Westfield Sues Victoria’s Secret For $32M Over World Trade Center Store Retailer 'Abandoned'
The recovery may be in full effect, but legal disputes between retailers and landlords are still piling up.
Unibail-Rodamco-Westfield, which owns the Westfield World Trade Center shopping mall, filed a complaint in the New York Supreme Court last week, arguing Victoria’s Secret has violated the terms of its lease at the center when it "abandoned" its Lower Manhattan store without justification.
The retailer told the landlord back in January that it was leaving, according to Law360, claiming it had the right to leave because its lease features a co-tenancy clause that allowed it to terminate the contract if the landlord did not keep 75% of the stores open for 12 months in a row. Westfield said in its complaint that the occupancy didn’t fall below 75% and that it told Victoria’s Secret as much.
“Victoria’s Secret nevertheless maintained that, based on nothing more than 'physical observ[ations] on multiple occasions by [Victoria’s Secret] personnel,” the Co-tenancy Requirements were not met,” Westfield's attorneys wrote in the complaint.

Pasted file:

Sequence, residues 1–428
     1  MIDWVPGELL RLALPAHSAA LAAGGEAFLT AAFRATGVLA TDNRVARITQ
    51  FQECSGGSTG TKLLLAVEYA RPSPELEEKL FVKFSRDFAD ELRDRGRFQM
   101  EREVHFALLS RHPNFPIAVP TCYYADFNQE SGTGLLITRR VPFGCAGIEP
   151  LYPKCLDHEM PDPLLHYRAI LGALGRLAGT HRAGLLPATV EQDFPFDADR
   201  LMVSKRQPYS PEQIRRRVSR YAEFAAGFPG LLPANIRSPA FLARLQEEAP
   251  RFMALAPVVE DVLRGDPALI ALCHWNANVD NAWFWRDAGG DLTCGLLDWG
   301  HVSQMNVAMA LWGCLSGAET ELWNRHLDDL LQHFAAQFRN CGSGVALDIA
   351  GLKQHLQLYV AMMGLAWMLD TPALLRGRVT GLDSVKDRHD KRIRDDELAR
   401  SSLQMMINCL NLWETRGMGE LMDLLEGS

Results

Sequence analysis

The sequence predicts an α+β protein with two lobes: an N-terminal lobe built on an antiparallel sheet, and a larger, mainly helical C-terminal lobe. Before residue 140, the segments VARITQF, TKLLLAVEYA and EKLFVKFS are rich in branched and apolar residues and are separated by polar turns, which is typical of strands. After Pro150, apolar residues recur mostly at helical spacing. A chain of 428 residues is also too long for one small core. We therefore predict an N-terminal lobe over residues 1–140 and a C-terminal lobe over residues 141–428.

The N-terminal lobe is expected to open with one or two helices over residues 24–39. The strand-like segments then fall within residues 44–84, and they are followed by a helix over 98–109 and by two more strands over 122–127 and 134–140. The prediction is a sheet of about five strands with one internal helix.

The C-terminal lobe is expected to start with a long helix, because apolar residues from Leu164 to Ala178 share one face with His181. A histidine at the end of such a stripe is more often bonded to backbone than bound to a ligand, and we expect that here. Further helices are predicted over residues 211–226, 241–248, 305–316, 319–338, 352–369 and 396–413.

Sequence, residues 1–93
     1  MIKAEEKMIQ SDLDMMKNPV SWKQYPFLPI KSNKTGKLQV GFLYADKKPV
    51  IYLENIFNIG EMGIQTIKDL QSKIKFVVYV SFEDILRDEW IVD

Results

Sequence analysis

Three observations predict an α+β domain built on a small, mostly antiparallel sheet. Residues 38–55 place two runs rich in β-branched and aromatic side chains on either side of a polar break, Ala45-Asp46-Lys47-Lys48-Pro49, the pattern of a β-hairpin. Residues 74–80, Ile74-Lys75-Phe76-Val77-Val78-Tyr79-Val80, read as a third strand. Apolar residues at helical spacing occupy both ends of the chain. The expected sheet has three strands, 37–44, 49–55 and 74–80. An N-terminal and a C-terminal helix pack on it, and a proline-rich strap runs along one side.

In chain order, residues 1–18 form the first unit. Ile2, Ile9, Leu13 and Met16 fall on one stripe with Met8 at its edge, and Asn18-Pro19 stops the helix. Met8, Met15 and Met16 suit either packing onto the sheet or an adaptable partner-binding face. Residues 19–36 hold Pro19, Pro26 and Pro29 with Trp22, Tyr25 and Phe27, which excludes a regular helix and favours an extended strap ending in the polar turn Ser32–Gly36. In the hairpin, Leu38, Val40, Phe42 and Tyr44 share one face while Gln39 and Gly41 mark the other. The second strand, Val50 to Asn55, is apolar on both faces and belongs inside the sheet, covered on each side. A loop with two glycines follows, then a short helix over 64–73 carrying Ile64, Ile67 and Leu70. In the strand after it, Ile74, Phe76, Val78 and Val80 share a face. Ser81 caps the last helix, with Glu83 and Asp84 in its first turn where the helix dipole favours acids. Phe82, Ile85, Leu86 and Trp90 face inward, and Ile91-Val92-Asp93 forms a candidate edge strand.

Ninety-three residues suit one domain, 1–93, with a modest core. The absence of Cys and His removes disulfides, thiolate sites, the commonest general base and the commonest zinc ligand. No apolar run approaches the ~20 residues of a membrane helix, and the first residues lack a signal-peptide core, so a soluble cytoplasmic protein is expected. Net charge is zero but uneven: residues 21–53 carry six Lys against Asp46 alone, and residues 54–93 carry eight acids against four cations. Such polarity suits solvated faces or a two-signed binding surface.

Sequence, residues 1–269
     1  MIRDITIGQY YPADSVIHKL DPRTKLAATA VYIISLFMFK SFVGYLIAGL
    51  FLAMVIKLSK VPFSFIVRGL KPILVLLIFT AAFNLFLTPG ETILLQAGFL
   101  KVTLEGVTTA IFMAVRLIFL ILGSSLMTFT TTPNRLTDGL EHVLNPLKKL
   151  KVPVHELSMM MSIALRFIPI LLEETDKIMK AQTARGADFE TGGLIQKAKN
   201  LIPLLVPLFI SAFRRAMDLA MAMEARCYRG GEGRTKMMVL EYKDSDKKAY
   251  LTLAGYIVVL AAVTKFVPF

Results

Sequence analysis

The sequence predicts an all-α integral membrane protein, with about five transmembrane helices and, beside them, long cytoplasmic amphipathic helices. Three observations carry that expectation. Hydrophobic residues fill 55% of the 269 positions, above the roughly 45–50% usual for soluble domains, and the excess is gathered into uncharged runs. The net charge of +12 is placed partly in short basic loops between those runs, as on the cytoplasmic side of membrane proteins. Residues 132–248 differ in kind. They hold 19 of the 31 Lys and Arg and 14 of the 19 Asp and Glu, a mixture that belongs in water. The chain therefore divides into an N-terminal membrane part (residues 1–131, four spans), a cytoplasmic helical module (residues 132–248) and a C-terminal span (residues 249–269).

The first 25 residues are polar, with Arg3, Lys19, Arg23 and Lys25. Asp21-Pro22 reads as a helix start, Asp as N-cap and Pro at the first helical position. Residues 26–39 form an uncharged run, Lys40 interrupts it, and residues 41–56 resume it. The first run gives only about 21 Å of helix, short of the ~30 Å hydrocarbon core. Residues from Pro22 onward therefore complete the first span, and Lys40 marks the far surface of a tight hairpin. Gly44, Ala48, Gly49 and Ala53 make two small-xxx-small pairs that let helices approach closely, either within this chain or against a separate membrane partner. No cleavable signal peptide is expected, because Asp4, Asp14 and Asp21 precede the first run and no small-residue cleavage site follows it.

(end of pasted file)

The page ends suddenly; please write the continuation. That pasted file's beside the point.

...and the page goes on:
Victoria’s Secret “ceased operations and abandoned the premises” back in April, and Westfield now alleges the former tenant owes it $4.3M in back rent and $28.1M in future payments on the lease that runs for another eight years. Westfield’s argument is that it has met all requirements of the lease, and it is the tenant that has in fact violated the terms by leaving, closing down the store and failing to pay rent.
The pair have been locked in a legal battle for some time now, with Victoria’s Secret first suing Westfield back in 2019, claiming it had been adversely affected by construction delays after signing up for the space back in 2015.
Since the coronavirus pandemic began, Victoria’s Secret has been embroiled with other suits with retail landlords across the city. Last year, the company tried to sue SL Green to have its lease at 2 Herald Square terminated. It was paying almost $1M per month there but lawyers for the retailer argued that with the city closed for business, the lease was rendered “nonsensical.”
Several other retailers took a similar path, but a judge dismissed Victoria Secret’s suit in January, siding with the landlord’s argument that the pandemic didn’t make lease contracts void.